The opinion of the court was delivered by: Murphy, District Judge:
Plaintiff, an inmate in the Jerome Combs Detention Center (JCDC), brings this action for violations of his constitutional rights pursuant to 42 U.S.C. § 1983 for events occurring while he was confined at the Jefferson County, Illinois, Justice Center (JCJC). In this action, Plaintiff seeks damages for an allegedly unsafe condition of confinement in violation of his Eighth Amendment rights. This case is now before the Court for a preliminary review of the complaint pursuant to 28 U.S.C. § 1915A.
Title 28 U.S.C. § 1915A provides:
(a) Screening.-- The court shall review, before docketing, if feasible or, in any event, as soon as practicable after docketing, a complaint in a civil action in which a prisoner seeks redress from a governmental entity or officer or employee of a governmental entity.
(b) Grounds for Dismissal.-- On review, the court shall identify cognizable claims or dismiss the complaint, or any portion of the complaint, if the complaint--
(1) is frivolous, malicious, or fails to state a claim on which relief may be granted; or
(2) seeks monetary relief from a defendant who is immune from such relief.
28 U.S.C. § 1915A. An action or claim is frivolous if "it lacks an arguable basis either in law or in fact." Neitzke v. Williams, 490 U.S. 319, 325 (1989). An action fails to state a claim upon which relief can be granted if it does not plead "enough facts to state a claim to relief that is plausible on its face." Bell Atlantic Corp. v. Twombly, 127 S.Ct. 1955, 1974 (2007). Upon careful review of the complaint and any supporting exhibits, the Court finds it appropriate to exercise its authority under § 1915A; this action is subject to summary dismissal.
Liberally construing the complaint, Plaintiff slipped on a puddle of water, fell, and was injured while confined at JCJC. Plaintiff states that the puddle formed under a leaky skylight. Plaintiff asserts that the Defendants were aware of the problem, but failed to correct the matter because it had "turned into a legal matter between contractors." Plaintiff claims that he was injured by this allegedly unconstitutional condition in violation of the Eighth Amendment.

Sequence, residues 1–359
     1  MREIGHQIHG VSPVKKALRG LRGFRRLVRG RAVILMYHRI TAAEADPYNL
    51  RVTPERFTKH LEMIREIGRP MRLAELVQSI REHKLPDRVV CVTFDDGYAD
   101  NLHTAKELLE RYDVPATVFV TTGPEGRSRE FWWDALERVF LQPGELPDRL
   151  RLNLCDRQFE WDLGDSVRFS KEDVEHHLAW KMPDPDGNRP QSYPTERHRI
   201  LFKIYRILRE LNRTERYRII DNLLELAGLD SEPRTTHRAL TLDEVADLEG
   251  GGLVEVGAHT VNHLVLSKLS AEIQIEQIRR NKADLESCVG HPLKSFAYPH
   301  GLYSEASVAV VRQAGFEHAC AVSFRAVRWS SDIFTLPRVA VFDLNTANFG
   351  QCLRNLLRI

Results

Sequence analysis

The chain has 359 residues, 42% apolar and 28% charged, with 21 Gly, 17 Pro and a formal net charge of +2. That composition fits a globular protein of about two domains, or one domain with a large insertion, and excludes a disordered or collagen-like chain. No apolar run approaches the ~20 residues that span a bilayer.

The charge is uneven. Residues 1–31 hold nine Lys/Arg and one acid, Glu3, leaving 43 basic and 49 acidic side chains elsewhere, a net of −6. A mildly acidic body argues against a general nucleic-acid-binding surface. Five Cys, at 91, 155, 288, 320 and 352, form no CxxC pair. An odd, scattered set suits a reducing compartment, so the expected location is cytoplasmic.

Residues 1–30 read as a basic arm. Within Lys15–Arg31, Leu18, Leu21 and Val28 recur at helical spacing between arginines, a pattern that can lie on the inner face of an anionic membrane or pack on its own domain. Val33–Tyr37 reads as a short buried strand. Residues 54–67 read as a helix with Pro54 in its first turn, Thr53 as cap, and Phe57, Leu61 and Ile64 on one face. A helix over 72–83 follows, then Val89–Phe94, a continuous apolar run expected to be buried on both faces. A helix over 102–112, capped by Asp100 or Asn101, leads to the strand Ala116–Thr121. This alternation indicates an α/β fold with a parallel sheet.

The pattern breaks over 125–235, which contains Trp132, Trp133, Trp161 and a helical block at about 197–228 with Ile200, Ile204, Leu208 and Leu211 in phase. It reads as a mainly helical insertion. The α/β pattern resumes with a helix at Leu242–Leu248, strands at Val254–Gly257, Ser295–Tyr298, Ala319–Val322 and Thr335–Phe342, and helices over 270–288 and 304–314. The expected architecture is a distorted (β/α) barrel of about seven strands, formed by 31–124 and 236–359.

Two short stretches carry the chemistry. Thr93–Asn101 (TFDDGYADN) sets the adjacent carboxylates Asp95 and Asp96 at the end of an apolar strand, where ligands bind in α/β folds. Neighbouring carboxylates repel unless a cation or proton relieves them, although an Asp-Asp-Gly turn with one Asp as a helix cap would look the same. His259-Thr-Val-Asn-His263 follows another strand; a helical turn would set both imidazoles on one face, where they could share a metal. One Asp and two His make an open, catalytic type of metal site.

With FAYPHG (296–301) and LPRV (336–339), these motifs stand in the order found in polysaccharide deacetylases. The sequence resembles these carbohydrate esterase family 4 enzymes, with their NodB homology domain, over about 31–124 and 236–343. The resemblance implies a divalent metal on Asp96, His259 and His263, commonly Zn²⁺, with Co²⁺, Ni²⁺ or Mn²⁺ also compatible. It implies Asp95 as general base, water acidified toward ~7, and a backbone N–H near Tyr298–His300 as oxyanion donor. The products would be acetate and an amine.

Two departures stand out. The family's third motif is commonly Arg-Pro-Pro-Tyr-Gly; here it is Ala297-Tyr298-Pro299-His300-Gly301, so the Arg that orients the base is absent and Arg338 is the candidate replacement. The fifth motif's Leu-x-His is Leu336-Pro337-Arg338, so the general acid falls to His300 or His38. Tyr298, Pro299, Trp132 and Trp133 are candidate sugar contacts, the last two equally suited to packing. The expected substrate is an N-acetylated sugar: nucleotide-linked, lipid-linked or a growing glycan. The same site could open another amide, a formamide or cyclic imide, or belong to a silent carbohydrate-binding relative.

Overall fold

To prevail on his conditions of confinement claim, Plaintiff must show that the Defendants were aware of a "substantial risk of serious injury," but still failed to take appropriate steps to protect him. Butera v. Cottey, 285 F.3d 601, 605 (7th Cir. 2002). Mere negligence or even gross negligence is not sufficient for liability under § 1983; the Defendants' actions must be intentional or criminally reckless. Farmer v. Brennan, 511 U.S. 825, 837 (1994). Although wet floors do present a possibility that inmates might slip, Plaintiff's complaint does not suggest a substantial risk of serious physical harm that reflects the deliberate indifference required to impose liability on the Defendants under the Eighth Amendment. Bell v. Ward, No. 03-2033, 2004 WL 260284 (7th Cir. Feb. 6, 2004) (accumulation of water on prison floor did not present a risk of serious injury); LeMaire v. Maass, 12 F.3d 1444, 1457 (9th Cir. 1993) ("slippery prison floors . . . do not state even an arguable claim for cruel and unusual punishment); see also Snipes v. DeTella, 95 F.3d 586, 592 (7th Cir. 1996) ("an inch or two" of accumulated water in shower not an "excessive risk to inmate health or safety").
At best, Plaintiff has alleged that the Defendants were negligent, but negligence alone is not sufficient to support a claim of deliberate indifference. Daniels v. Williams, 474 ...